In my last post I focused on geography and culture/language as critical factors for demand locality. However, there are many other ways that demand locality manifests. One of the more subtle is organizational demand locality.
Organizational demand locality is the relative efficiency of carrying traffic entirely within the infrastructure of a single organization versus having to hand-off traffic to other organizations. Wireless carriers offering unlimited "on-net" airtime are exploiting organizational demand locality. Internet service providers spend a surprising amount of resources worrying about peering with each other (or refusing to).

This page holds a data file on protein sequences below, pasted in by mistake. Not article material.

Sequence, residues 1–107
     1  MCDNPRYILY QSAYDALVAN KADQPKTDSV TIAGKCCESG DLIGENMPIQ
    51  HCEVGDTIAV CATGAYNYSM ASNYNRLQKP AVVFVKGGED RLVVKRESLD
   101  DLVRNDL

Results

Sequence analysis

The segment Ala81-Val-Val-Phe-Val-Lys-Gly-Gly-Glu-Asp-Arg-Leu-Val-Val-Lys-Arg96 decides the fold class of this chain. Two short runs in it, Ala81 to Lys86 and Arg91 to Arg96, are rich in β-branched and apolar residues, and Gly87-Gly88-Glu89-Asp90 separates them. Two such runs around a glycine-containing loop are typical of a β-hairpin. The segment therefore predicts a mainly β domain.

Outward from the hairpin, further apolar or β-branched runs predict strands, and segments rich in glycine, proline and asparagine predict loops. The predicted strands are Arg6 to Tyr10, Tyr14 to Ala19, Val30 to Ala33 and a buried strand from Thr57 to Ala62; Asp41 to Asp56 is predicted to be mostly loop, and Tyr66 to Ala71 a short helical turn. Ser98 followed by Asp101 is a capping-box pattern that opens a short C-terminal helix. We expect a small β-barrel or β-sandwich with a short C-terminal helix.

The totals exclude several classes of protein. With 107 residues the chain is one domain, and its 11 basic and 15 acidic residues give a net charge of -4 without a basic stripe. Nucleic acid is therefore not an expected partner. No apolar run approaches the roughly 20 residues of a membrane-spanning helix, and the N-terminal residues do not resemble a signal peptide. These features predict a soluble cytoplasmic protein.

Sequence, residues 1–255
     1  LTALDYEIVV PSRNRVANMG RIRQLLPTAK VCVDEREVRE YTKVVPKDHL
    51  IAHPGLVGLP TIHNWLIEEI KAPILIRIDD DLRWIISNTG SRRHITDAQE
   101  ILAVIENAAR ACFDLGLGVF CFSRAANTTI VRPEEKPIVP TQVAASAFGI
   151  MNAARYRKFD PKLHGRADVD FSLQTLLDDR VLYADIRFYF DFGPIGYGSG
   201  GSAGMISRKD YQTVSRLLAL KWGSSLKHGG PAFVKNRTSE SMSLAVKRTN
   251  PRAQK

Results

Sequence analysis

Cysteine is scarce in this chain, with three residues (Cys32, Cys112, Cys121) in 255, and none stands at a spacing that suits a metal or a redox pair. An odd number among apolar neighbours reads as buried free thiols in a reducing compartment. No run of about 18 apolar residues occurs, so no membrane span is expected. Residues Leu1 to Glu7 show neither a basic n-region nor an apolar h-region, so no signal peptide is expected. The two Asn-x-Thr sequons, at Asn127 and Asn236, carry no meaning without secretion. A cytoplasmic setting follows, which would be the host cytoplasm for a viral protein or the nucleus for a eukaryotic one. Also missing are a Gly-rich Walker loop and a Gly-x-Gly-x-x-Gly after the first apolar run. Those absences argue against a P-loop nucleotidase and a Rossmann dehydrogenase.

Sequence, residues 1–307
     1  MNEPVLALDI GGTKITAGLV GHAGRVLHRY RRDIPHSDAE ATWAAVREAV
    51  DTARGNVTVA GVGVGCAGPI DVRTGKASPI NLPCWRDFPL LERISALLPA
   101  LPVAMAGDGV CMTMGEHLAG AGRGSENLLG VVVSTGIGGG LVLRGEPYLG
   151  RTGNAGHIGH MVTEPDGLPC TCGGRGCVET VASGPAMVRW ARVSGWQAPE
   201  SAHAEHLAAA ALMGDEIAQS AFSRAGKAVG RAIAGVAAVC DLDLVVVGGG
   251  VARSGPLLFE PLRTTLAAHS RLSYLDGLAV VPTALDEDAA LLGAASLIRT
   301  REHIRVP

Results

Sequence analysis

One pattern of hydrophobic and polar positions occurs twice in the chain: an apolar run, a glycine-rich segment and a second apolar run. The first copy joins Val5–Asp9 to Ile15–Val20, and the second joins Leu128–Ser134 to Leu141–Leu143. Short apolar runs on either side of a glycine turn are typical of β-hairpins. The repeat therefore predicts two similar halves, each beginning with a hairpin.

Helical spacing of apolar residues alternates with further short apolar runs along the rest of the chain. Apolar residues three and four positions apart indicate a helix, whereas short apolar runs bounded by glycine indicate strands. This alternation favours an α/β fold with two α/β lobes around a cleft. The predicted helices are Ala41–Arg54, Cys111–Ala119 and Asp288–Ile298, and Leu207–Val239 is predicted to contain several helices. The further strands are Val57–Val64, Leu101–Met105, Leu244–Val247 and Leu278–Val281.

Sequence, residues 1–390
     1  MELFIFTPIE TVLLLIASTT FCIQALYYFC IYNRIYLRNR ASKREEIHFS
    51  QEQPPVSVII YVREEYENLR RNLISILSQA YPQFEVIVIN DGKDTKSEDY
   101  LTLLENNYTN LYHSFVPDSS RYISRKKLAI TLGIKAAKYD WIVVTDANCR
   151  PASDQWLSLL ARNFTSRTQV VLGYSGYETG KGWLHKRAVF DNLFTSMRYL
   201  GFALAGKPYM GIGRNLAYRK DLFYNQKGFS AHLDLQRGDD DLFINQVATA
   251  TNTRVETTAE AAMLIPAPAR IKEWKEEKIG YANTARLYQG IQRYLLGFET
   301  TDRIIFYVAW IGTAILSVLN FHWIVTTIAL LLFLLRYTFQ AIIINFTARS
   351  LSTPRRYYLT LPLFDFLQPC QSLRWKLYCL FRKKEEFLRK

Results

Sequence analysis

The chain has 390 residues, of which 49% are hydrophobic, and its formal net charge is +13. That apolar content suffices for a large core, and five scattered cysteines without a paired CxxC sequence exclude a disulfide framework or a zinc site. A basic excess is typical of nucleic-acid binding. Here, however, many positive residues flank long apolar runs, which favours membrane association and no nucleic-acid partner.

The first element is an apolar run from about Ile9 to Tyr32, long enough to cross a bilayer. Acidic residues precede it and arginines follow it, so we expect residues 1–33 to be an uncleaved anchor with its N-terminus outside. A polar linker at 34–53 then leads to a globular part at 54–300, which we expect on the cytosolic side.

Once again, the geographic/cultural demand locality plays a key role. In places with very high demand locality (Korea, Japan, etc.), the need for numerous, large links between organizations is minimized or avoided entirely. In places with low demand locality (again, I mean the US), peering becomes a constant source of friction with tier-1 ISPs requiring peering at multiple points across the country or not at all. Merging ISPs to raise organizational demand locality only gets you so far.
The applications have to change, not the infrastructure.
Enter the 36 chambers of infrastructure wu-tang